Parental training, anemia and the impact on the nutrition of female students in China's poor rural elementary schools
AbstractPurpose – The purpose of this paper is to report the results of a randomized controlled trial designed to measure the impact of a parental training program on the nutritional status of primary school students in rural Shaanxi Province, in northwest China. Design/methodology/approach – Using hemoglobin (Hb) levels as the outcome variable, the authors first measure the overall impact of a nutritional training program, then measure the impact separately by gender. Both descriptive and multivariate analyses are used. Findings – The results for the descriptive and econometric results were robust and consistent with the literature. Overall, we find no impact on students' Hb levels when we trained their parents about undernutrition and anemia. In both the descriptive and multivariate results, there was no difference in the change of Hb levels between control and treatment students. Parents in the treatment group did learn more about anemia than parents in the control group, but this increased knowledge did not lead to sharp changes in behavior, in general. The authors did find, however, that there was a measurable impact of parental training on the Hb levels of female students. In both the descriptive and econometric results the authors found that the Hb levels of female students rose more than those of male students, and that this difference was statistically significant. Originality/value – The paper reports the results of a randomized controlled trial that examined the effect of parental training on students in poor, rural schools in ten counties of Shaanxi province. Taken by itself, one of the policy implications of this study is that malnutrition is still a serious problem in China and it is worse among female students than male students. When parental training is given, the health status of girls improves but the health status of boys is unchanged. Parental training may not be the best way to fight anemia, but it can help narrow the nutrition gap between girls and boys.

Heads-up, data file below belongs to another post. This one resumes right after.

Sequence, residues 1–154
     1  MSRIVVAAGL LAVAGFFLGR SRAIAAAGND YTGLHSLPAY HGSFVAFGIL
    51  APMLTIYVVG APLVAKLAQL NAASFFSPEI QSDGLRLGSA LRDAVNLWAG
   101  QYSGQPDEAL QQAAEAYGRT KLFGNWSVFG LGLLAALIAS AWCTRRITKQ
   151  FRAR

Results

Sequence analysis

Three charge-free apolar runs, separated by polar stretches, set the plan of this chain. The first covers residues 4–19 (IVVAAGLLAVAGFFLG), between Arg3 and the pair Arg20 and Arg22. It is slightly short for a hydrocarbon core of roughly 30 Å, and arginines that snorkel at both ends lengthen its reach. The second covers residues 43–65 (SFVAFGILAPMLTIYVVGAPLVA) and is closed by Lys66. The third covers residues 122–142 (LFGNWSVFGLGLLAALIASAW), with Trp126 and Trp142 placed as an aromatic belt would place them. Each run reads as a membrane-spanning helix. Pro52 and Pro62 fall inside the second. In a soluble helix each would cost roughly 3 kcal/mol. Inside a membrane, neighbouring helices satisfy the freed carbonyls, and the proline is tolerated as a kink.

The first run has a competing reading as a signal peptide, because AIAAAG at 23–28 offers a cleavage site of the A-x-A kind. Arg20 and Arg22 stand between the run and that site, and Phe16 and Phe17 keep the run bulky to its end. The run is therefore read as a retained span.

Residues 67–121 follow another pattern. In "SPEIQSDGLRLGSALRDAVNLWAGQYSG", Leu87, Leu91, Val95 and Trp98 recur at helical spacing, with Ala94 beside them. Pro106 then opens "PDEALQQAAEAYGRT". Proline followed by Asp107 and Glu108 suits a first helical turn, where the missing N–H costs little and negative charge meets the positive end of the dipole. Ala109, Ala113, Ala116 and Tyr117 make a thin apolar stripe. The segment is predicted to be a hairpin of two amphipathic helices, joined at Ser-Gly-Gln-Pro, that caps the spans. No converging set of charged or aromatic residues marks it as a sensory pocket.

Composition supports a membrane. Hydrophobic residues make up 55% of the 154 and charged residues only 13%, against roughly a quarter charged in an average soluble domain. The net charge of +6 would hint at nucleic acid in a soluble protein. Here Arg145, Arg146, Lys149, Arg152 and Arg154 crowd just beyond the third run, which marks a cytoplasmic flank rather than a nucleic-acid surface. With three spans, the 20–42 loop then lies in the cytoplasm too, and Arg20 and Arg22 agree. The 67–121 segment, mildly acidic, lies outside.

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Bibliographic InfoArticle provided by Emerald Group Publishing in its journal China Agricultural Economic Review.
Volume (Year): 4 (2012)
Issue (Month): 2 (May)
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- Sonalde Desai & Soumya Alva, 1998. "Maternal education and child health: Is there a strong causal relationship?," Demography, Springer, vol. 35(1), pages 71-81, February.
- Onyango-Ouma, W. & Aagaard-Hansen, J. & Jensen, B.B., 2005. "The potential of schoolchildren as health change agents in rural western Kenya," Social Science & Medicine, Elsevier, vol. 61(8), pages 1711-1722, October.
- Renfu Luo & Yaojiang Shi & Linxiu Zhang & Chengfang Liu & Scott Rozelle & Brian Sharbono & Ai Yue & Qiran Zhao & Reynaldo Martorell, 2012. "Nutrition and Educational Performance in Rural China’s Elementary Schools: Results of a Randomized Control Trial in Shaanxi Province," Economic Development and Cultural Change, University of Chicago Press, vol. 60(4), pages 735 - 772.
- Tor Eriksson & Jay Pan & Xuezheng Qin, 2013. "The Intergenerational Inequality of Health in China," Economics Working Papers 2013-21, School of Economics and Management, University of Aarhus.
- You, Jing, 2013. "The role of microcredit in older children’s nutrition: Quasi-experimental evidence from rural China," Food Policy, Elsevier, vol. 43(C), pages 167-179.
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